While Key West has always been known as a haven for the wild, the wandering and the exceedingly weird, many of the island’s long-time residents and visitors bemoan the inevitable normalization that has befallen the island over the past decade. No paradise can remain a secret for long, and as the number of annual visitors increases, so must the dilution of island-wide wackiness. Perhaps it is because he seems so authentically dedicated to keeping alive what many feel is the true spirit of Key West — that is, a safe haven for those zany dreamers and artists who chafe at the norm — that Marky’s work has become so in demand and highly regarded. Devoid of pretension, he possesses a childlike wonder that propels him to engage in a limitless spectrum of creative mediums.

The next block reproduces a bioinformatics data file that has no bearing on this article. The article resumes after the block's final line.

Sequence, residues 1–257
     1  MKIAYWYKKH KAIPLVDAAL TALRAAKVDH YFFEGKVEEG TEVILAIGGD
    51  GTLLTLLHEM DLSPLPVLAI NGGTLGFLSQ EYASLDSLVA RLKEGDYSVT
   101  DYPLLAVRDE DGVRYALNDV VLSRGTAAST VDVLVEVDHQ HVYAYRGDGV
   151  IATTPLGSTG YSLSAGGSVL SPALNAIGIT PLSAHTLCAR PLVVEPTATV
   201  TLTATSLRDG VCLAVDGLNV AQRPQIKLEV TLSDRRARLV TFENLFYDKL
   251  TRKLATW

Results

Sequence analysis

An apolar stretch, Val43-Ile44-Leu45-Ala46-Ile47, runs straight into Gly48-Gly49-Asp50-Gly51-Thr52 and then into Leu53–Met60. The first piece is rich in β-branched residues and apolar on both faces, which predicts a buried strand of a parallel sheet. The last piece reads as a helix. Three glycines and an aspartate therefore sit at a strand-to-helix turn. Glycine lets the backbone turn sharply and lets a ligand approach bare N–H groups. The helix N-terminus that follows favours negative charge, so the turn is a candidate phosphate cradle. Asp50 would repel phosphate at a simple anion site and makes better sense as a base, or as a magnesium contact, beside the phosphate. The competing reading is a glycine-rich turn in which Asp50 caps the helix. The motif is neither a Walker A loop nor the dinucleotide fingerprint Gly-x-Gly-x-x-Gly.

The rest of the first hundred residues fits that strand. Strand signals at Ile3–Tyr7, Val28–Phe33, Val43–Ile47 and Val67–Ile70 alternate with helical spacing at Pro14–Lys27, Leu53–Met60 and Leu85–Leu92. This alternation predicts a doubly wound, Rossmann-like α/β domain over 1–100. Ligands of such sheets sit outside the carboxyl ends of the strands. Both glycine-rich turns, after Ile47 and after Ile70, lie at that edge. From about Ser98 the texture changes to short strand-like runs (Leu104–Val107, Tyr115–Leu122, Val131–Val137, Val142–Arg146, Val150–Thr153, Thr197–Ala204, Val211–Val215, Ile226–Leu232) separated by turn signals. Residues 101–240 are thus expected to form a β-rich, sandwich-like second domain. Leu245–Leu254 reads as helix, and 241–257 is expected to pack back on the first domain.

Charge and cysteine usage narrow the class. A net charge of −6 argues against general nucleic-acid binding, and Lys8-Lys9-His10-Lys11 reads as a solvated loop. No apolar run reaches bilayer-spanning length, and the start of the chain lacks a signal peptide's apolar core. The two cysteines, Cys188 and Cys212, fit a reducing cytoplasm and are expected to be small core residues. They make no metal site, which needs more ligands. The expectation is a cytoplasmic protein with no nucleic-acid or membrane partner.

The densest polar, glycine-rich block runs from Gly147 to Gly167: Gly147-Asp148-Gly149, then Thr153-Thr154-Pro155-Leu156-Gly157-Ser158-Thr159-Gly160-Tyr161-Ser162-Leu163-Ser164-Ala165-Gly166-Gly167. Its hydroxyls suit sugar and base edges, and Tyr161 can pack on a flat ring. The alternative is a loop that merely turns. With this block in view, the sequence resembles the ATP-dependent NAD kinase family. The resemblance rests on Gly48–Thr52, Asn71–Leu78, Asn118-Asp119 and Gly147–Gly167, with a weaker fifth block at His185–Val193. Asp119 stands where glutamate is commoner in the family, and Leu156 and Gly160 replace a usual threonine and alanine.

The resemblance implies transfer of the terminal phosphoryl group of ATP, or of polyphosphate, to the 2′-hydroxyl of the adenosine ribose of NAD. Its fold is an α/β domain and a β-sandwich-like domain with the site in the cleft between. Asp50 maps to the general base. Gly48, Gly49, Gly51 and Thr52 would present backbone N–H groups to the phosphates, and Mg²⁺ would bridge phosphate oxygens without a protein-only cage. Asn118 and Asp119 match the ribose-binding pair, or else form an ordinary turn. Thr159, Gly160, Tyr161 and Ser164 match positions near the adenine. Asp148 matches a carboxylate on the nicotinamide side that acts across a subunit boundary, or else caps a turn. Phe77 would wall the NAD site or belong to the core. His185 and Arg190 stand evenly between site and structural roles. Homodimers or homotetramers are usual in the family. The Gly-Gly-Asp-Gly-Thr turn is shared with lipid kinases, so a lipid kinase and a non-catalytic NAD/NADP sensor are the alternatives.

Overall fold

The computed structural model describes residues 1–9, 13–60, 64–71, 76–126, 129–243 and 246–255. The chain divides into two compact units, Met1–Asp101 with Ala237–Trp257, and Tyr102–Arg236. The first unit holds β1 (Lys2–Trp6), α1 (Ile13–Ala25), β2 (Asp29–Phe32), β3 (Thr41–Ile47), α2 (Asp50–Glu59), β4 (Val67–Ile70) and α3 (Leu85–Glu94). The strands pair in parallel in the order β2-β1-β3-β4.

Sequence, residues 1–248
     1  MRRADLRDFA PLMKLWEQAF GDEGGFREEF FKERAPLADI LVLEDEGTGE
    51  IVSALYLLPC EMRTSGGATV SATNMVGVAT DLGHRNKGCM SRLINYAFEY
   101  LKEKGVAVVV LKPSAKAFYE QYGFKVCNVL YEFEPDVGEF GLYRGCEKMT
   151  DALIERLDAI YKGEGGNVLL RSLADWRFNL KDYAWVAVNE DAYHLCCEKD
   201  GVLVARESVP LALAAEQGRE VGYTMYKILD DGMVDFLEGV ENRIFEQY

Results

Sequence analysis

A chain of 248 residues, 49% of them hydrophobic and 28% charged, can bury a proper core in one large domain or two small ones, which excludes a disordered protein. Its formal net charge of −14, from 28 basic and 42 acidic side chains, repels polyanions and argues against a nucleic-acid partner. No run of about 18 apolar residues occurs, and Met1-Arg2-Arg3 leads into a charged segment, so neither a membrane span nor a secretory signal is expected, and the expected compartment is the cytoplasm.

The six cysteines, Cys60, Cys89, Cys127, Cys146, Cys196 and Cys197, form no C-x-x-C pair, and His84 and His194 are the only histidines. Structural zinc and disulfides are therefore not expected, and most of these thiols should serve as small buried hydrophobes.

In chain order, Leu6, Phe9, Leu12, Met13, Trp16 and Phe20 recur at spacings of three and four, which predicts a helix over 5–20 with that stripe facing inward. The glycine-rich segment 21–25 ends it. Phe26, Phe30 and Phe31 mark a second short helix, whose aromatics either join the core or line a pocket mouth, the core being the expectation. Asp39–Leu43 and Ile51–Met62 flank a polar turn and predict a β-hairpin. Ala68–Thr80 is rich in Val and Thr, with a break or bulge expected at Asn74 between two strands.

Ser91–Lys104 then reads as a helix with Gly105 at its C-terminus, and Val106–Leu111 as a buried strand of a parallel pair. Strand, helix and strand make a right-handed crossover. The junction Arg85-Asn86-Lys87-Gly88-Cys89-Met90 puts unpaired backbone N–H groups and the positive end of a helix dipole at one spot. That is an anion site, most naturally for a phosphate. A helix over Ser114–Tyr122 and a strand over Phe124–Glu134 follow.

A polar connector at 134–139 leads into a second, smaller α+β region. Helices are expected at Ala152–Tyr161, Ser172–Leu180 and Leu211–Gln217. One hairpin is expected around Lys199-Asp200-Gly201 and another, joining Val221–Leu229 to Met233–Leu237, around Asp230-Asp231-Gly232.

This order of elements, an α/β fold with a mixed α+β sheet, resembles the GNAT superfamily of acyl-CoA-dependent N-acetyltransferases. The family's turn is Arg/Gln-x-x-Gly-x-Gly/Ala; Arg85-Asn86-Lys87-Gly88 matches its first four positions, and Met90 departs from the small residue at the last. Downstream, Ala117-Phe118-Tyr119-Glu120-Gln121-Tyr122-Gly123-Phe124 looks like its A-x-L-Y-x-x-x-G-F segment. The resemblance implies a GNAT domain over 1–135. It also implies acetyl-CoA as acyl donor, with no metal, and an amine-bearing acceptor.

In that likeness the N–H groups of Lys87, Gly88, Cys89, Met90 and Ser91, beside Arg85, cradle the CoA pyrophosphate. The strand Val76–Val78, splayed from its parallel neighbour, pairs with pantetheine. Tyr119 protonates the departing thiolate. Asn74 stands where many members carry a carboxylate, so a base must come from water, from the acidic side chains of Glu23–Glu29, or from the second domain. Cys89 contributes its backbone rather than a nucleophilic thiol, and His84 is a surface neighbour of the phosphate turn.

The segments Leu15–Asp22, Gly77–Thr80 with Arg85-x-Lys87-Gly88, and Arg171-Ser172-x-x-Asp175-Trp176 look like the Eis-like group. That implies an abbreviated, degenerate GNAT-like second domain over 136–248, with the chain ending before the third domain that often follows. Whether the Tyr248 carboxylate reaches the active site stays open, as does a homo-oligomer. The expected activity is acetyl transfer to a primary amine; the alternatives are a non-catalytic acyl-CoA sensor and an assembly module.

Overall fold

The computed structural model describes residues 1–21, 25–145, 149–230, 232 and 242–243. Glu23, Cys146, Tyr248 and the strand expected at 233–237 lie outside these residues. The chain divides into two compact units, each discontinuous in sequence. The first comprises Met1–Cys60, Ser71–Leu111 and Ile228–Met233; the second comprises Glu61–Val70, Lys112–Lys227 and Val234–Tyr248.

“I love the wild creatures and the misfits and the hidden genius active in so many people living on this island, This community is very supportive of artistic and expressive attempts in most arenas,” Marky says. “All of my attempts and projects are a grand experiment. A fun trial and error of ideas and small dreams. Sometimes with ok results, and others with amazing outcomes. My life is set up so that nearly everything is fun, exciting, creative or (I am) learning something. In this way, working here has become as fun as living here. I love what I do; I get asked to build, create or help dream up some wild projects.”

It is this enviable ease of existence that just about anyone would love to emulate.

The physical expression of Marky’s latest dreams will be the first official show at Vessel, a brand-new expansion from Adam and Kelly Russell, who are the brilliant and talented minds behind Key West Pottery.